The acquisition comes on the heels of Fantuan’s $54.3-million CAD ($40-million USD) Series C funding round, which was co-led by GrubMarket and Celtic House Asia Partners.
Bilt Rewards raised equity in a transaction that more than doubles the startup’s valuation to $3.1 billion as consumers continue to flock to its loyalty program, which converts rental payments to points that can be used for air miles and other rewards.
The New York-based startup plans to use some of the proceeds to expand its rewards network to include small restaurants, grocery stores, dry cleaners and other local merchants. National Football League Commissioner Roger Goodell has also joined the company as an independent director.
Though it maintained interest rates on January 24, the Bank of Canada signalled it is beginning to contemplate cuts.
Canada’s tech sector could be poised for a recovery if interest rates do drop, but the playbook is much different this year for founders and investors, cautioned several industry insiders speaking to BetaKit.
The fastest hiking cycle on record, the Bank of Canada’s rate increases over the last two years battered the white-hot tech sector as deal flows slowed and valuations dropped. With those rates unchanged (for now), here’s what Canadian tech should expect in 2024.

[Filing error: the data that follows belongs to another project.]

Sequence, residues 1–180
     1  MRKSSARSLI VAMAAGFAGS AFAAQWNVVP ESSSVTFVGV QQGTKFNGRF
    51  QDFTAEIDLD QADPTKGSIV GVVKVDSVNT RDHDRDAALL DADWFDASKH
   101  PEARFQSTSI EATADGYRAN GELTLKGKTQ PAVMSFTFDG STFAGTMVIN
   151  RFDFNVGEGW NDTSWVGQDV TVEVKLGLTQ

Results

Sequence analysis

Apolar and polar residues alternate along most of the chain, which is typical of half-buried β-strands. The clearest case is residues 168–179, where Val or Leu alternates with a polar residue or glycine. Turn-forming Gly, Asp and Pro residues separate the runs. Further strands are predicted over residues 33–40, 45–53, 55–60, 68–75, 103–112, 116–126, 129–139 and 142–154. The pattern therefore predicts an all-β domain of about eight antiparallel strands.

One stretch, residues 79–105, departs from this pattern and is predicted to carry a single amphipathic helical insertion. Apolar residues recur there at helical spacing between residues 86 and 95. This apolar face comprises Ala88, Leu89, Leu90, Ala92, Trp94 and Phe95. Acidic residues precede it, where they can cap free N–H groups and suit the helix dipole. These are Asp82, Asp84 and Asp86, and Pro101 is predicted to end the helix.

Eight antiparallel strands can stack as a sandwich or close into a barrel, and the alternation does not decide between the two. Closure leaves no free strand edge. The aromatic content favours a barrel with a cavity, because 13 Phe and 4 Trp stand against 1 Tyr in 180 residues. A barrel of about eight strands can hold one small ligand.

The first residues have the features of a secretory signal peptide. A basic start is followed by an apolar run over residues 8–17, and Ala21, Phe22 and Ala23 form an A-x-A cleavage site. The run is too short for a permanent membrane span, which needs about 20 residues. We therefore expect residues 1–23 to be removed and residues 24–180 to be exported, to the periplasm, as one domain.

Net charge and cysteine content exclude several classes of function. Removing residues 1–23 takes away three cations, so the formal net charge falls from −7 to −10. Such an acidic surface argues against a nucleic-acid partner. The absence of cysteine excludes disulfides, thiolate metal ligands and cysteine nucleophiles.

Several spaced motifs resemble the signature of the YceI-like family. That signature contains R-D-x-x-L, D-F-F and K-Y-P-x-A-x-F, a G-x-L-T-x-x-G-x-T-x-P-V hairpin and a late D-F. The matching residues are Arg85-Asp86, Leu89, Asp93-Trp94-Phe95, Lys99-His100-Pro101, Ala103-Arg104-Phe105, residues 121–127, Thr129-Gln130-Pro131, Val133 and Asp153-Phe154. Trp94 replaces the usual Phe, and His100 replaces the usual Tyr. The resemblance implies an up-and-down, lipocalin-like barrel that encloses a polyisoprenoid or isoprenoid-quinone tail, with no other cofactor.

Montreal-based financial technology firm Nuvei announced this week a partnership with software giant Adobe.
The partnership between the Canadian fintech and Adobe aims to provide customers access to payments technology through integration with Adobe Commerce, a component of Adobe Experience Cloud that enables businesses to manage and scale commerce offerings.
Toronto-based ArcTern Ventures has secured $450 million CAD ($335 million USD) in commitments in the final close of its third climate technology fund.
ArcTern’s third fund will focus on “early growth-stage” companies that are developing software, hardware, and marketplace solutions capable of reducing emissions in fields like renewable energy, clean mobility, the circular economy, sustainable food, and agriculture and industrial decarbonization.
Canadian Tire had a $3.4-billion growth strategy, but the slumping economy threw a wrench in the plan
In March, 2022, the company announced the launch of “Better Connected,” a $3.4-billion, four-year plan designed to increase sales across its banners, including Canadian Tire, Sport Chek and Mark’s.